Faith Focus: Never forget lessons of lockdown
PUBLISHED: 10:00 16 April 2020
Our regular faith column looks at current affairs from a religious perspective.
When you read or hear an account from a front-line NHS worker, a doctor or nurse, of how their COVID-19-caring days go, it’s impossible not to feel a profound sense of uselessness. On the one hand, people like me sitting around comfortably, occasionally doing a circuit of the garden and coughing; while on the other dedicated are people risking their lives every day in 12-hour stretches from hell, to save the lives of strangers, or ease them from this life.
Most people, I suspect, even if they don’t believe in a traditional God, or any God at all, will find themselves praying at this time, without any clear idea of why. They will pray for the doctors and nurses and care-workers and ambulance drivers.
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We do it because we haven’t got any other way of expressing to the universe our love and admiration. I personally make a point of telling those I know at the frontline that I am praying for them every day. They are not all believers, but they take comfort from the personal expression of support.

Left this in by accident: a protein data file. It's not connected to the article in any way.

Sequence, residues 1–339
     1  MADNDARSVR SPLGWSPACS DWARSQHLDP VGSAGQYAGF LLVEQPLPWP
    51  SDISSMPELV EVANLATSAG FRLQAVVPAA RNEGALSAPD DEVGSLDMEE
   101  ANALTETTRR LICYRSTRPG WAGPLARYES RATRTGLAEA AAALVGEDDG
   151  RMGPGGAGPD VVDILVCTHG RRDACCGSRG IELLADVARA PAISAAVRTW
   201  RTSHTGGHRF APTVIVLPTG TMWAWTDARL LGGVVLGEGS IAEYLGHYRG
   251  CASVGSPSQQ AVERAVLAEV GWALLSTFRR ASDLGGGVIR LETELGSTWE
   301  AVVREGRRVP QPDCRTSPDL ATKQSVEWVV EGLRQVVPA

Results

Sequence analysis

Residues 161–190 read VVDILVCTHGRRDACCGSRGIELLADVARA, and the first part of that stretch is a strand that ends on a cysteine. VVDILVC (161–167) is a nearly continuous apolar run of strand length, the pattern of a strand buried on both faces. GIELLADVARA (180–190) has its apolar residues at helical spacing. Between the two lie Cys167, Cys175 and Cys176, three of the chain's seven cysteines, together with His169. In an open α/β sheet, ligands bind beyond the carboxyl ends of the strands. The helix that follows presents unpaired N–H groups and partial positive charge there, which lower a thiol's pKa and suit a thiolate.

Even as a lifelong Christian, I’ve never been clear how prayer works. But I know we can’t not do it and we know from experience what a comfort it is. A few nights ago, when I was at my lowest ebb, in the middle of the night, I heard my phone ting.
When a phone tings in the middle of the night, it’s always New Zealand and generally bad news. I was too sick to read the message but I saw it was from my sister and I knew she was praying for me. The dark night was lightened; I felt a pillow of love under my head.
But there’s another thing you can do during this period of idleness. Make a solemn promise with yourself never to forget. Never to forget what we have learnt about the plight of the poor, prisoners, the shut-ins and lonely. We’re aware right now of how desperate are the lives of so many, and volunteers are reaching out. But will we remember? We must remember, or all this suffering will have been in vain.
Imogen de la Bere is a New Zealand writer, living in St Albans.
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